Friday, July 10, 2020

Scandinavia


This montage from our Podcast Vault revisits a post from August 30, 2013. It can be found in our archives at https://archive.org/details/Pcast120



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Normally, our throwback montages correspond to our daily musical calendar podcast. This week, however, the musical calendar selection is from our Tuesday series, which gives us the opportunity to peak into the Podcast Vault for something we haven’t listened to for awhile.

In summers past, we shared montages as part of a recurring series we called The Musical Passport – montages that explore an area of the world, often using pieces from non-native composers. What was unique about our feature this week – Scandinavia – is that all of the composers are Scandinavian: Nielsen, Grieg, Sibelius and Sweden’s Dag Wirén.

I make a point to distinguish Sweden because the first three composers are generally thought of as “National” composers for Denmark, Norway and Finland respectively. However, there is no consensus National composer for Sweden.

As our bonus track this week, I thought I’d add to Wirén and Franz Berwald as Swedish composers of renown by adding Lars-Erik Larsson (1908 –1986), a contemporary of Wiren’s who also studied at the Stockholm Conservatory.

Music for Orchestra (1948-49)
Swedish Radio Symphony Orchestra, Sylvain Cambreling (Conductor)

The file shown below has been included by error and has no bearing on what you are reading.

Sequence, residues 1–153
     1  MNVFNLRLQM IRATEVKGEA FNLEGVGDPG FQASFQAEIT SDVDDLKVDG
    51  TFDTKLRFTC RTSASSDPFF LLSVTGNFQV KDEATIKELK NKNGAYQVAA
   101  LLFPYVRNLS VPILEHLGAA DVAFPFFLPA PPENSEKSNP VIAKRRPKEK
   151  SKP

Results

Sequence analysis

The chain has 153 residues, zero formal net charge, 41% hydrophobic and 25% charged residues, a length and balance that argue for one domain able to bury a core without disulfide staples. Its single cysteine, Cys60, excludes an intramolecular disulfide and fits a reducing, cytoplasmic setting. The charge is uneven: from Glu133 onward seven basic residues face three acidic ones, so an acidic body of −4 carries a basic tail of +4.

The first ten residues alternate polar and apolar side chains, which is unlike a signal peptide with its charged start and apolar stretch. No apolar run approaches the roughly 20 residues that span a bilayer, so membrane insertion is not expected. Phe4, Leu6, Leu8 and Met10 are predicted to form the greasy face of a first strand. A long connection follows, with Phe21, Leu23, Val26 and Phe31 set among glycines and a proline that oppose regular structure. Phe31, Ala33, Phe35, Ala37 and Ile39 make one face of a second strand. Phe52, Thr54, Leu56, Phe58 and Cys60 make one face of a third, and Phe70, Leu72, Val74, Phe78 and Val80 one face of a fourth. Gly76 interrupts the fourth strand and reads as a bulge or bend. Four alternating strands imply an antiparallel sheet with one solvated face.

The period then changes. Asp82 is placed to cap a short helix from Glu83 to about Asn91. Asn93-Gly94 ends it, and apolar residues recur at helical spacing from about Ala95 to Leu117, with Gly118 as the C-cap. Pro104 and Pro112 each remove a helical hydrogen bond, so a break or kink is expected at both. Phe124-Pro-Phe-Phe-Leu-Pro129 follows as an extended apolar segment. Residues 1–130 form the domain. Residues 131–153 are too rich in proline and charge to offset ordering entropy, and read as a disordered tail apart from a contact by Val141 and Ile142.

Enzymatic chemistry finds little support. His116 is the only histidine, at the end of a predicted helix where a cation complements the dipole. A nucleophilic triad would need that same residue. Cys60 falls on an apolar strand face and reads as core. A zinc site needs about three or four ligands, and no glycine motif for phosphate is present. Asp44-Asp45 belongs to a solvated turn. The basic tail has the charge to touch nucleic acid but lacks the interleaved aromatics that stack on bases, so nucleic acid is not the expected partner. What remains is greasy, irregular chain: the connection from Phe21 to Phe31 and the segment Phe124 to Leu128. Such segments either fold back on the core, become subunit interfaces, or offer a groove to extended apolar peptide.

I think you will (still) love this music too.




Tuesday, July 7, 2020

Glenn Gould, Beethoven, Liszt ‎– Piano Transcription: Symphony No. 6 (''Pastoral'')


This is my post from this week's Tuesday Blog.



This week, our lone Tuesday Blog share for July completes our two-part look at Liszt’s transcriptions of Beethoven’s symphonies, with a performance of the Pastoral Symphony.

For the past few months, we have been living through a pandemic and, as I considered musing about this week’s share, I got to wonder how Glenn Gould – a notorious germophobe – would have fared through a situation like this one. My conclusion is simple: I think he would done just fine, given he lived most of his final years in self-imposed lockdown, avoiding public gatherings and keeping very much to himself.

Today’s share is a Sony re-edition of a CBC Radio broadcast performance recorded: June 11, 1968. At a little over 55 minutes, Gould savoutrs every note, in a very internal performance. As this was recorded in his home studio in Toronto under his manic supervision, one has to think that this is a performance totally aligned with his vision of the work, with ever note in place.